I found this article in the Insurance Journal….
Most Colorado employers will be looking at an average 3.4 percent increase in workers’ compensation insurance loss costs, increasing the overall premiums they pay for workers compensation insurance in 2011, the state Department of Regulatory Agencies Division of Insurance announced. Loss costs are the average cost of lost wages and medical payments of workers injured during the course of their employment.
“This is the first time in ten years that Colorado has ordered a ‘loss costs’ increase,” said Colorado’s Commissioner of Insurance, Marcy Morrison. “Although the frequency of claims went down, the cost of claims went up significantly. Part of the regulator’s job is to be sure the premiums charged will be adequate to cover claims, so we are ordering the increase this year.”
Until this year, Colorado has had no increases in workers compensation loss costs for more than a decade, with decreases in 2008 (7.5 percent decrease), 2009 (16 percent decrease) and 2010 (9.7 percent decrease). Factors which may increase workers compensation costs include: frequency (number of claims per number of workers), length of claim, number of treatments for each claim, severity of injury, increasing medical costs and overall costs to cover workers’ compensation claims.
The National Council on Compensation Insurance (NCCI), a rating and advisory organization, collects annual data on workers compensation claims for the insurance industry, and publishes loss costs that form the basis for all workers compensation premium determinations. NCCI provides this information for approximately 38 of the states.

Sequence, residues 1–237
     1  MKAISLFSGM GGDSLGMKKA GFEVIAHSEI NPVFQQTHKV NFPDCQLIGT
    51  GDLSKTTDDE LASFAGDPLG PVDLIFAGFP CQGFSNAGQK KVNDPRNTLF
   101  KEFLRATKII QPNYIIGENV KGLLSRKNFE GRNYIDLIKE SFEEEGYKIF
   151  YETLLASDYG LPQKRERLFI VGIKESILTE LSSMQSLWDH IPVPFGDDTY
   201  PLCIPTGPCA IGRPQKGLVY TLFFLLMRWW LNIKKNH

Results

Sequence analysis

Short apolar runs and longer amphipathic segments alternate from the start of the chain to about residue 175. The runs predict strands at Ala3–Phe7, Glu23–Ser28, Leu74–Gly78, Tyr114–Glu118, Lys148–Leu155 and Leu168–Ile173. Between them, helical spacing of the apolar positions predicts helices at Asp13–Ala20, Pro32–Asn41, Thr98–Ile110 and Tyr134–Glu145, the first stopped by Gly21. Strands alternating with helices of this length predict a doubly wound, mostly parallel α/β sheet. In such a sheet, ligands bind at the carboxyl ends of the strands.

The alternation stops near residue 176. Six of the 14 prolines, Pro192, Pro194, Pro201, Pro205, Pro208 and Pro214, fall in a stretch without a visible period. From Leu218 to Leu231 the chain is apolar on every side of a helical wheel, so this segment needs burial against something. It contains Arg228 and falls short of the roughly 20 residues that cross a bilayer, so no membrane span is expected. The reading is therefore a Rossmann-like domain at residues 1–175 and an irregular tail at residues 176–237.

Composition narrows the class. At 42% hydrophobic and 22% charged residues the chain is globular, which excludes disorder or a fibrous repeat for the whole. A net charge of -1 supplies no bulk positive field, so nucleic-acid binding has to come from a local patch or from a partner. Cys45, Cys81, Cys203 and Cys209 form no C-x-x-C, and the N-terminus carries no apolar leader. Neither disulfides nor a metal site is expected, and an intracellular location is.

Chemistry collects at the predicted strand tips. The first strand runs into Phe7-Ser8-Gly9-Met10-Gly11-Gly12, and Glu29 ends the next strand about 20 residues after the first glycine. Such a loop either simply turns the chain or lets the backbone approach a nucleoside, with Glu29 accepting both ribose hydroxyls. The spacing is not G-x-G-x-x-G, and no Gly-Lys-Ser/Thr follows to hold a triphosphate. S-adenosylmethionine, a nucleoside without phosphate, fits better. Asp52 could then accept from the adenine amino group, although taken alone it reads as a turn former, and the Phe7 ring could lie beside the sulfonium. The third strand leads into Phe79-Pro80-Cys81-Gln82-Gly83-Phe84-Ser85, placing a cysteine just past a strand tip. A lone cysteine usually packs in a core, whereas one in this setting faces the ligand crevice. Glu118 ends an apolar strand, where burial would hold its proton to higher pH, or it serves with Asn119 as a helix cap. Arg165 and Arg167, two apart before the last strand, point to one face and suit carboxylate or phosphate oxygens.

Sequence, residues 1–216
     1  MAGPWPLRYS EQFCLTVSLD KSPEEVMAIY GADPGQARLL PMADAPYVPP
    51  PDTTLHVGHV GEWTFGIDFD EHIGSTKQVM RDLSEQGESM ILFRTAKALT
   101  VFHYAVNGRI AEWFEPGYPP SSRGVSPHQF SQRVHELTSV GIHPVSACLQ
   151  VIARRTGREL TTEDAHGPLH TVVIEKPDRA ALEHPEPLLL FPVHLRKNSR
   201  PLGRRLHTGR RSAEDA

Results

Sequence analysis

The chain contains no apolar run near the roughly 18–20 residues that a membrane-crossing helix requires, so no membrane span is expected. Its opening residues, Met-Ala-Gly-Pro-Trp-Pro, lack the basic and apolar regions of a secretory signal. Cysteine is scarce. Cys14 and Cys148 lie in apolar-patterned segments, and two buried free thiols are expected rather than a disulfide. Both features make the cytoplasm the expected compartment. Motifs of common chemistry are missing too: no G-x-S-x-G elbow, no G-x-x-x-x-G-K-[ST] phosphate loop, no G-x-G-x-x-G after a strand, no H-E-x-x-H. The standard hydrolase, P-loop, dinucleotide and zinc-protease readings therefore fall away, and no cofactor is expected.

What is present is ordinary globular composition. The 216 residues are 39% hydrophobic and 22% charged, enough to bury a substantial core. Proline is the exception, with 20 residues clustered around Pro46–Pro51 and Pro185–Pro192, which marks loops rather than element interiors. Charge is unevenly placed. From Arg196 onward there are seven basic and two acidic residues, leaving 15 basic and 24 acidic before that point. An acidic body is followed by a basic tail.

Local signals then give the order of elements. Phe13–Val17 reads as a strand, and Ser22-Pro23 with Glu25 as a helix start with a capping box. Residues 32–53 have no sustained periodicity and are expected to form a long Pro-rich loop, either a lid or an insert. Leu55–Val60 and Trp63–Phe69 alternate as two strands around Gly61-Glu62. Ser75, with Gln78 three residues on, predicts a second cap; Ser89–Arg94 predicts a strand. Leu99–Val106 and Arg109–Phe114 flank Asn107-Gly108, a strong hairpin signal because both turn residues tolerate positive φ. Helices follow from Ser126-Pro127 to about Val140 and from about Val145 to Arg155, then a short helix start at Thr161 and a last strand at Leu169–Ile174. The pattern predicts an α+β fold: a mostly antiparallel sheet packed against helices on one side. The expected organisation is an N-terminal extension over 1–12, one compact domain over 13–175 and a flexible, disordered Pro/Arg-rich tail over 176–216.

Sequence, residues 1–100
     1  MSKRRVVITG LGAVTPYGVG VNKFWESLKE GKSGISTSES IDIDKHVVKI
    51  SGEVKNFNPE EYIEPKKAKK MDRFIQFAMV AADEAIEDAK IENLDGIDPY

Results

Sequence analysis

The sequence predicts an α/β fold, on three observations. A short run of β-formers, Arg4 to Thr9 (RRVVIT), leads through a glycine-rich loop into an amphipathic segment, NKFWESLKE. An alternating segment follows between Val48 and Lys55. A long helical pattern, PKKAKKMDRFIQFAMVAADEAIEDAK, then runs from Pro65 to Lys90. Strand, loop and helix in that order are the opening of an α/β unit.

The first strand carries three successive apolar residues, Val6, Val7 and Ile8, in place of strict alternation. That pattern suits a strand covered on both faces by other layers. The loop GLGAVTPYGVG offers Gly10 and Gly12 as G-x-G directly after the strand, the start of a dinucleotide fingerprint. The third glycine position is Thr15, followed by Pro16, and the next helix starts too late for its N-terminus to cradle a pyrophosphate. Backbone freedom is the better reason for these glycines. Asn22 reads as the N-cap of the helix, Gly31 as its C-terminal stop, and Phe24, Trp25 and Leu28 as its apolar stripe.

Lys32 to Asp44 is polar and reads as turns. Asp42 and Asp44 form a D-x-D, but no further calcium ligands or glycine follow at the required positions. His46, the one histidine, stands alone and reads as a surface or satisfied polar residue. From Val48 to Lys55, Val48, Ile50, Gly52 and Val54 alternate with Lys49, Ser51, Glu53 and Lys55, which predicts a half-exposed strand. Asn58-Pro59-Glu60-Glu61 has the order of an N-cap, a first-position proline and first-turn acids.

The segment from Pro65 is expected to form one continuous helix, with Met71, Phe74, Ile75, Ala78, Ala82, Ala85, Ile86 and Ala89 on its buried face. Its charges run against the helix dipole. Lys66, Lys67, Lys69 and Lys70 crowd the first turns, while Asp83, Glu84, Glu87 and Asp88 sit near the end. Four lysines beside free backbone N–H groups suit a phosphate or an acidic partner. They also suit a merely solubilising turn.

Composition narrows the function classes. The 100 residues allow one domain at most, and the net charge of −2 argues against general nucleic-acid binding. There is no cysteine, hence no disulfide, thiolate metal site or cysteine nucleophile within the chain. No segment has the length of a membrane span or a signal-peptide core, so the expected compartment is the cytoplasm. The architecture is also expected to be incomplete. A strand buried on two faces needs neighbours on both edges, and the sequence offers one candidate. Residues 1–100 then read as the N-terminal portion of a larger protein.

All insurers in Colorado use the NCCI loss costs as a base. Each insurer’s own expenses are added to the NCCI’s loss costs to arrive at the rates charged to employers. Loss costs are one factor used in establishing each employer’s actual workers compensation premium.
The projected loss cost figures for 2011 were presented by the NCCI at a hearing on September 17 at the Division of Insurance offices. Analysis by both the NCCI actuaries and the actuarial consultants was reviewed for all of the industrial classes in Colorado. These classes include manufacturing, office and clerical, contracting, and goods and services. The NCCI filing, the actuarial reviews and public comments are used by the Commissioner of Insurance to establish the loss costs used for the premium rates for the following year.
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